High-level panels are consultative UN bodies that are established by the UN Secretary-General, usually in response to requests by UN Member States. They are tasked with issuing concrete recommendations to Member States on a specific issue area such as internal displacement or water management. The High-level Panel on Digital Cooperation issued its recommendations in 2019 and they were officially presented to the UN General Assembly in 2020. ↩
In the words of Volker Türk, the UN High Commissioner for Human Rights, “Two schools of thoughts are shaping the current development of AI regulation. The first one is risk-based only, focusing largely on self-regulation and self-assessment by AI developers. Instead of relying on detailed rules, risk-based regulation emphasizes identifying, and mitigating risks to achieve outcomes. This approach transfers a lot of responsibility to the private sector. Some would say too much – we hear that from the private sector itself. It also results in clear gaps in regulation. The other approach embeds human rights in AI’s entire lifecycle. From beginning to end, human rights principles are included in the collection and selection of data; as well as the design, development, deployment and use of the resulting models, tools and services.… we need to resist the temptation to let the AI industry itself assert that self-regulation is sufficient, or to claim that it should be for them to define the applicable legal framework.” ↩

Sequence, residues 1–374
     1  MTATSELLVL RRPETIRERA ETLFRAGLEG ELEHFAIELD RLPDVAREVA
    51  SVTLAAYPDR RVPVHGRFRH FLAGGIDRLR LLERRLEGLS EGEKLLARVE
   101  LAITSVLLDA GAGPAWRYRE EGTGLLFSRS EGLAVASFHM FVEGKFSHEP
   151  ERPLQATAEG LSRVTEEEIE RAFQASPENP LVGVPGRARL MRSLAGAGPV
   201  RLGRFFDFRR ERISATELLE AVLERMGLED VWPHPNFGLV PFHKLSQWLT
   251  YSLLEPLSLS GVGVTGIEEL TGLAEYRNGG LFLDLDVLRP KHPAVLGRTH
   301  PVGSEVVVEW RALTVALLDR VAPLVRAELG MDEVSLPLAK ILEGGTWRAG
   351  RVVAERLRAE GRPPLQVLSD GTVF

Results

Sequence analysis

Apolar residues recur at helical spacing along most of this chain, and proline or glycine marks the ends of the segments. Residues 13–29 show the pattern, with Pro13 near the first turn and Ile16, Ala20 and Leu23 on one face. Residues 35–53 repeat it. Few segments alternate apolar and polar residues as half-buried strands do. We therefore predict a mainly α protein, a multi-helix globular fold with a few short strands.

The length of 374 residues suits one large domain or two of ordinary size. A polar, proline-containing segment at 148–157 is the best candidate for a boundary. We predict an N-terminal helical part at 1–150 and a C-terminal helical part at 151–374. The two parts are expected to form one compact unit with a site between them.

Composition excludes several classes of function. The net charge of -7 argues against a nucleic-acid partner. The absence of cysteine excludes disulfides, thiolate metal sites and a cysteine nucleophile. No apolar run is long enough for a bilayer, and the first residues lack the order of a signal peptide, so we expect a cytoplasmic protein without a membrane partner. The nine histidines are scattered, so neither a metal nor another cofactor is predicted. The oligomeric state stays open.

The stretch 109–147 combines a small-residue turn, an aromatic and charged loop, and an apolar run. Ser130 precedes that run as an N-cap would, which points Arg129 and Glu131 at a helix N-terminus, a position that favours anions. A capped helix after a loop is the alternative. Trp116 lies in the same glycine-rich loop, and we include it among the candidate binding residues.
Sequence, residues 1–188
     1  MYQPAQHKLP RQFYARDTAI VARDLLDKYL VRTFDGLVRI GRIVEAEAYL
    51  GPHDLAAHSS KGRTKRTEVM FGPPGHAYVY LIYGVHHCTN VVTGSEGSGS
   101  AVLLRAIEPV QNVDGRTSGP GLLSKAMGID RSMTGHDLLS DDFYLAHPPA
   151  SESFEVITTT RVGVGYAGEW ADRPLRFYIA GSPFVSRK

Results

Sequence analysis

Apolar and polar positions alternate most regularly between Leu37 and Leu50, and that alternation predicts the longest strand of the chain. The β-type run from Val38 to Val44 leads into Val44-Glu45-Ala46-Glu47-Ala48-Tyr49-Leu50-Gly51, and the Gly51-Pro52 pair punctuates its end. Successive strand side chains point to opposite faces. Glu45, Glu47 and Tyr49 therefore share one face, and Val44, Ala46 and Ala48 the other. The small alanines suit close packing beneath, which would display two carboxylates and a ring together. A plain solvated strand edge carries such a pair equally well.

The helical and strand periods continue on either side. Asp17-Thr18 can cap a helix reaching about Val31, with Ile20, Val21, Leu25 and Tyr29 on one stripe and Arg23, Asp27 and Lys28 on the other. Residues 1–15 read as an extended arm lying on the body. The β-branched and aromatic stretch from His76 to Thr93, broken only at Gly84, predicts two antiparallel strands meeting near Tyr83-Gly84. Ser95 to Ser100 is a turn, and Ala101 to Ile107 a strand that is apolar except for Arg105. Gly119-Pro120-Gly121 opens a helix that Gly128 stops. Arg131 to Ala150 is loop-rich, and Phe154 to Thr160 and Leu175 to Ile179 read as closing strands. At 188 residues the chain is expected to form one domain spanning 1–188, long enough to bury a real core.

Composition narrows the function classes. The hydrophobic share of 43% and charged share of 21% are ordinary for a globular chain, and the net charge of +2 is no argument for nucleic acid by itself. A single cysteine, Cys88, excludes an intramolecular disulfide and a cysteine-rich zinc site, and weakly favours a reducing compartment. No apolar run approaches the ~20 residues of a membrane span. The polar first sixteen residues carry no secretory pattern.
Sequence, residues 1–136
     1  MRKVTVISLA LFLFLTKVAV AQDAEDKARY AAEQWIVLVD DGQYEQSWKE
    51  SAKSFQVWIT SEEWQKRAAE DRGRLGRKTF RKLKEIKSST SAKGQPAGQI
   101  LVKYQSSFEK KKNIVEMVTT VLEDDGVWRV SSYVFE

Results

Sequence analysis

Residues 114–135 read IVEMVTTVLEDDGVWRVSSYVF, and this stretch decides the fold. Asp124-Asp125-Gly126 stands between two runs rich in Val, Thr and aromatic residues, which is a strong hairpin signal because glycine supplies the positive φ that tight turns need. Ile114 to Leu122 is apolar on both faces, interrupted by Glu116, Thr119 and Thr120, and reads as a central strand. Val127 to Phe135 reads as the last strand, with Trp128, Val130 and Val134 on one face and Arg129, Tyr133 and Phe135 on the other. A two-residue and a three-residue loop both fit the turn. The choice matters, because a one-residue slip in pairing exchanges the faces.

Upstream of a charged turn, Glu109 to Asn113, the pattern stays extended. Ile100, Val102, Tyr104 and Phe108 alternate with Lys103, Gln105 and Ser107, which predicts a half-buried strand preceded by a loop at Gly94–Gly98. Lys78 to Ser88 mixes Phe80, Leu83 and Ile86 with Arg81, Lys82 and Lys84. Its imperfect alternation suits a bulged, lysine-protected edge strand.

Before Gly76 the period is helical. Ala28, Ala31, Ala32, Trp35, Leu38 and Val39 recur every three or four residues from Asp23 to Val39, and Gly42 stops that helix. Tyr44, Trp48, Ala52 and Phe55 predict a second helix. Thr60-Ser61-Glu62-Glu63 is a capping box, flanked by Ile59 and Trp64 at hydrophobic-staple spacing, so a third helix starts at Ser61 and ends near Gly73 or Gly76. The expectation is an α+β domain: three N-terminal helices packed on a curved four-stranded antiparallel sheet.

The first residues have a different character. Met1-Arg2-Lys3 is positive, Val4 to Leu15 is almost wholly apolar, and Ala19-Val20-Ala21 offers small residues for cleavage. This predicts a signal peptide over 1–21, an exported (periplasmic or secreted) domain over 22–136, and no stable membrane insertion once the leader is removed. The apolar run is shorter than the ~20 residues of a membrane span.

The U.S.-EU Trade and Technology Council was established in June 2021 and has a broad remit that includes bilateral meetings between top officials to resolve trade disputes and jointly develop standards for AI, green tech, and governance of digital platforms. The Quad was created in 2007 but was inactive for nine years until it was re-formed in 2017. In addition to annual joint naval exercises, the Quad has coordinated policy related to climate, public health, and emerging technologies. ↩
China has recently taken a somewhat similar tact. At the BRICS Summit in August, President Xi Jinping announced the formation of an AI Study Group with Brazil, Russia, India, and South Africa, saying “we need to jointly fend off risks, and develop AI governance frameworks and standards with broad-based consensus, so as to make AI technologies more secure, reliable, controllable and equitable.” This initiative has not yet begun, so the degree to which it will negatively impact global responsible AI efforts remains to be seen. ↩